The Real Reason Sugar Is Crucial In Baking

If you're starting a baking project and getting your ingredients together, you probably don't even need to look at the recipe before reaching for the sugar. Pretty much every dessert uses at least one type of sugar and often combines multiple varieties. It's so essential to our conception of baking that some desserts, like sugar cookies, are seemingly designed as pure sugar delivery vehicles, and we love them for it.

As The Washington Post points out, this ingredient's importance in baking seems self-evident. The whole point of many baked goods is to deliver something sweet, and sugar makes things sweet. What more could you ask of it? But just thinking of it and its sweetness only undersells this fundamental ingredient of your baked goods that actually changes their entire nature. Dropping the sugar content of your cake to make it a little healthier will not just make it less sweet. Sugar is actually more important than you think in almost every aspect of baking.

Sugar boosts baked goods' flavor and changes their structure

Like salt, sugar combines with the flavor of other ingredients and makes them more pronounced (via The Washington Post). It also tends to balance out other taste sensations like bitterness, making each bite more well-rounded beyond just being sweeter. It's the same reason people tell you to add a pinch of sugar to your tomato sauce or why milk chocolate has such a strong flavor compared to dark. According to Serious Eats, this is because sugar — white sugar especially — is basically pure sucrose, a neutral form of sweetness that does not overpower other flavors.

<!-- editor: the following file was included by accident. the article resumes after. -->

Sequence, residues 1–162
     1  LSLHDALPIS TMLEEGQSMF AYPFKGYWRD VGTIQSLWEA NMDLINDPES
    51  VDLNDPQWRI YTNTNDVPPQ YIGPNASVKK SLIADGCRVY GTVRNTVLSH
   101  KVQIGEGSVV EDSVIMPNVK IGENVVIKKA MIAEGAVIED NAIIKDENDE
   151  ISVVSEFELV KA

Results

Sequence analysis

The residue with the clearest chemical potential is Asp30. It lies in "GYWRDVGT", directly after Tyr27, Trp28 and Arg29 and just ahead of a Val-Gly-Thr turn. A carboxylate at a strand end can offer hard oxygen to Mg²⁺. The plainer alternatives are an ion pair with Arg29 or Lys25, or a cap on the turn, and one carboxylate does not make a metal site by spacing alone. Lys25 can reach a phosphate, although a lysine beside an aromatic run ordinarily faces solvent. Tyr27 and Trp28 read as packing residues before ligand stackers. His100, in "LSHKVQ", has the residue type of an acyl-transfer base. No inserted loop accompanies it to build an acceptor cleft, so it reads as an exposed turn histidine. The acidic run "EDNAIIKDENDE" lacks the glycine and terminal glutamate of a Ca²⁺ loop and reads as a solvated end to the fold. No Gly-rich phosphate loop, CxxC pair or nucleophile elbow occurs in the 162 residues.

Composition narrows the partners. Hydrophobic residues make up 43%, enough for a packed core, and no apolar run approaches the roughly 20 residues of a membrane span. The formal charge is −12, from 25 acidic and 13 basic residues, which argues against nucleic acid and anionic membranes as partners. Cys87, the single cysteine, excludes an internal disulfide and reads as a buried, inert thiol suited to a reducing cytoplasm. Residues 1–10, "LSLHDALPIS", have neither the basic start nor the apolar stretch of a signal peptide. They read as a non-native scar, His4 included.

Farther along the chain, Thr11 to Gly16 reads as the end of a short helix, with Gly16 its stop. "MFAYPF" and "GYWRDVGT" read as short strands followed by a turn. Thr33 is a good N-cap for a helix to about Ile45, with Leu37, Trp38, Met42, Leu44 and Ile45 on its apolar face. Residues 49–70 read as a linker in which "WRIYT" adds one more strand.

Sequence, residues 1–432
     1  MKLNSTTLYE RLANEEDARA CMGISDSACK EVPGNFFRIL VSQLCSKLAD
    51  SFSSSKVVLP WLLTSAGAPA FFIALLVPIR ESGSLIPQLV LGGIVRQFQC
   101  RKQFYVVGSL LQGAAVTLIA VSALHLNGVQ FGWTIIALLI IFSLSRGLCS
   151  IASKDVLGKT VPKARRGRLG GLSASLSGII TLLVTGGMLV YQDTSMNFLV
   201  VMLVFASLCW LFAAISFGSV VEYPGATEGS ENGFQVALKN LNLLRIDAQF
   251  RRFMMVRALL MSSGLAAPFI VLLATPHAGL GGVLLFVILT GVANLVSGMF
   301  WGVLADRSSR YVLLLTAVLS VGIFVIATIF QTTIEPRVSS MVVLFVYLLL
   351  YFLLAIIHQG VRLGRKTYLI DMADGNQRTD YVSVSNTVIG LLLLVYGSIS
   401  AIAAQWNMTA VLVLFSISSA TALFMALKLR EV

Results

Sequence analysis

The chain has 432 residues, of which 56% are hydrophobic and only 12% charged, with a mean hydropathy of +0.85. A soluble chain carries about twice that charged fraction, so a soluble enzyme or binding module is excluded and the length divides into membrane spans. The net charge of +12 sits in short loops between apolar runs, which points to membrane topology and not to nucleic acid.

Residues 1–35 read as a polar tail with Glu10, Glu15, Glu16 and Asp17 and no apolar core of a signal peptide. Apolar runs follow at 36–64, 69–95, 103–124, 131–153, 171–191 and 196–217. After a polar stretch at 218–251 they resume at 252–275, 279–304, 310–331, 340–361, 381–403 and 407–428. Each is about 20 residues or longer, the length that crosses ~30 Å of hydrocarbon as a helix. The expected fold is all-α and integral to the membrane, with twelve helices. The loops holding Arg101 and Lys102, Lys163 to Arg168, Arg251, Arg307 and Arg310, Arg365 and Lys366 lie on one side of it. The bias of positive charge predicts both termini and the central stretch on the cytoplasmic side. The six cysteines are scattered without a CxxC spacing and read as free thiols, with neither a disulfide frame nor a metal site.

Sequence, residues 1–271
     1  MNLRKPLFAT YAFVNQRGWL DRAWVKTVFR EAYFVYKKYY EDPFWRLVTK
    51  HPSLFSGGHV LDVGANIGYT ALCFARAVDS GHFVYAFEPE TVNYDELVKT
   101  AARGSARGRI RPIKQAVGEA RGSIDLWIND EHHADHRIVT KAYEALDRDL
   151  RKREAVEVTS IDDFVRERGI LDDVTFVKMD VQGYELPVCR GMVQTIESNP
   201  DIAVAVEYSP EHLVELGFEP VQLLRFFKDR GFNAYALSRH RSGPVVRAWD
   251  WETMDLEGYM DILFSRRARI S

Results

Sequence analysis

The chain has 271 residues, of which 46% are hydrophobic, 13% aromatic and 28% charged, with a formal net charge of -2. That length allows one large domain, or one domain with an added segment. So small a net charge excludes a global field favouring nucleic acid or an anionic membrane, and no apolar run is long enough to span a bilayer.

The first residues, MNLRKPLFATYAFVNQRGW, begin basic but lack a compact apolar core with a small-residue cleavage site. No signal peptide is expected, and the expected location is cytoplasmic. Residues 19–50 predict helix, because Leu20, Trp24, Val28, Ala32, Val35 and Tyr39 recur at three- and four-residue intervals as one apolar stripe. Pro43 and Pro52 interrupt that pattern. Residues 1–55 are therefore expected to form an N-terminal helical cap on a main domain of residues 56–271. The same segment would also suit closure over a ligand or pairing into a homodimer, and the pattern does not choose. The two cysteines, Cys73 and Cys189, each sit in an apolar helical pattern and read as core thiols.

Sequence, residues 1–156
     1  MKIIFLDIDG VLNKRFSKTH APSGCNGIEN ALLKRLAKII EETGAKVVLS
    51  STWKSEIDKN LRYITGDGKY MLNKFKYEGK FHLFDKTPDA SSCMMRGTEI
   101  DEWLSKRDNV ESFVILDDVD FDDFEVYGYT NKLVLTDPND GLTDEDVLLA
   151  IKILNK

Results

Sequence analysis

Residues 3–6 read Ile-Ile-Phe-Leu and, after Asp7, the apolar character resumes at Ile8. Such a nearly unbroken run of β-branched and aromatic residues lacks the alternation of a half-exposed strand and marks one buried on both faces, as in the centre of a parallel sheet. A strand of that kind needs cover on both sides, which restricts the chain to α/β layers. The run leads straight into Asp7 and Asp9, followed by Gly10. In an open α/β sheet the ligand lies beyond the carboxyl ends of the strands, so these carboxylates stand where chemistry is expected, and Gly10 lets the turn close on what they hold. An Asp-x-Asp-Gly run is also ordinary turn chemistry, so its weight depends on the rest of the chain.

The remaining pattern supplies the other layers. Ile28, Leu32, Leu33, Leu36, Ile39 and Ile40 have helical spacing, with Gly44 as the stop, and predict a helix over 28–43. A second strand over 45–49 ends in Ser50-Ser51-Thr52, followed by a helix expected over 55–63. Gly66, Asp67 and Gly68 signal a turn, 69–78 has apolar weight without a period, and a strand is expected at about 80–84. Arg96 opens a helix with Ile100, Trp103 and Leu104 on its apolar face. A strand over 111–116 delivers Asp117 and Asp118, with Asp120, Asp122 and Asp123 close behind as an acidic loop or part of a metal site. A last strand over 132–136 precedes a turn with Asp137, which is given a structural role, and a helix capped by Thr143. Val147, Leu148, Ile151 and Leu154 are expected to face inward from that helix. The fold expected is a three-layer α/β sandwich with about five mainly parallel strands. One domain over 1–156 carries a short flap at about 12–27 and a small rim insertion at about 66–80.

Sugar's chemical nature means it retains water, which keeps your baked goods moist and ensures they stay longer as they sit on the counter (via Kitchn). That reaction also inhibits the formation of gluten, which you might not want in bread, but is positive in cakes and pastries where you want more tenderness. If all that wasn't enough, this ingredient helps with browning, too, through the Maillard reaction, adding not just a beautiful crispy finish to croissants and cookies but a nice little boost of caramelized flavor. So while you may be tempted to cut down on the sugar in your baking next time, just remember the cascading effects it can have on the finished product beyond the sweetness.